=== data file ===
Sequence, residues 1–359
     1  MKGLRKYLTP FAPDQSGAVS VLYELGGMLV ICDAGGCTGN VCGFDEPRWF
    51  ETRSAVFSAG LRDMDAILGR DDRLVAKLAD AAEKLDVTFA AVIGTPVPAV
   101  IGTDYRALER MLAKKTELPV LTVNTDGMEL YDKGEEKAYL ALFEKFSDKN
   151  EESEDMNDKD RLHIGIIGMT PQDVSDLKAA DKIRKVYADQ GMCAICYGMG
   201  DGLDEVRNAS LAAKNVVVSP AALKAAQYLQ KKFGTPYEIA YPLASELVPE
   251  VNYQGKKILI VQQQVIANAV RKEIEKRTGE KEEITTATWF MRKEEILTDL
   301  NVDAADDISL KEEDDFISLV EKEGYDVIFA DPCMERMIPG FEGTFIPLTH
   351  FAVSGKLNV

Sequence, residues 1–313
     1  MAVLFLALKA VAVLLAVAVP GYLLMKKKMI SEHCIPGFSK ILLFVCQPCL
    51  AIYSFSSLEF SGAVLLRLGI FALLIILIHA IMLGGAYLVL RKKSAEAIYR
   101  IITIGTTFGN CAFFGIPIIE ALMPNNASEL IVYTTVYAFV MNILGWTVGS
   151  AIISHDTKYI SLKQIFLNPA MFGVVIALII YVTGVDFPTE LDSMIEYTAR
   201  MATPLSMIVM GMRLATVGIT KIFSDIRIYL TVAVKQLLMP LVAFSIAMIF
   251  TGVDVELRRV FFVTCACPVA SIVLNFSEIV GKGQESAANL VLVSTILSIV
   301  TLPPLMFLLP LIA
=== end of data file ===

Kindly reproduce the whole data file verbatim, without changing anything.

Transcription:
Sequence, residues 1–359
     1  MKGLRKYLTP FAPDQSGAVS VLYELGGMLV ICDAGGCTGN VCGFDEPRWF
    51  ETRSAVFSAG LRDMDAILGR DDRLVAKLAD AAEKLDVTFA AVIGTPVPAV
   101  IGTDYRALER MLAKKTELPV LTVNTDGMEL YDKGEEKAYL ALFEKFSDKN
   151  EESEDMNDKD RLHIGIIGMT PQDVSDLKAA DKIRKVYADQ GMCAICYGMG
   201  DGLDEVRNAS LAAKNVVVSP AALKAAQYLQ KKFGTPYEIA YPLASELVPE
   251  VNYQGKKILI VQQQVIANAV RKEIEKRTGE KEEITTATWF MRKEEILTDL
   301  NVDAADDISL KEEDDFISLV EKEGYDVIFA DPCMERMIPG FEGTFIPLTH
   351  FAVSGKLNV

Sequence, residues 1–313
     1  MAVLFLALKA VAVLLAVAVP GYLLMKKKMI SEHCIPGFSK ILLFVCQPCL
    51  AIYSFSSLEF SGAVLLRLGI FALLIILIHA IMLGGAYLVL RKKSAEAIYR
   101  IITIGTTFGN CAFFGIPIIE ALMPNNASEL IVYTTVYAFV MNILGWTVGS
   151  AIISHDTKYI SLKQIFLNPA MFGVVIALII YVTGVDFPTE LDSMIEYTAR
   201  MATPLSMIVM GMRLATVGIT KIFSDIRIYL TVAVKQLLMP LVAFSIAMIF
   251  TGVDVELRRV FFVTCACPVA SIVLNFSEIV GKGQESAANL VLVSTILSIV
   301  TLPPLMFLLP LIA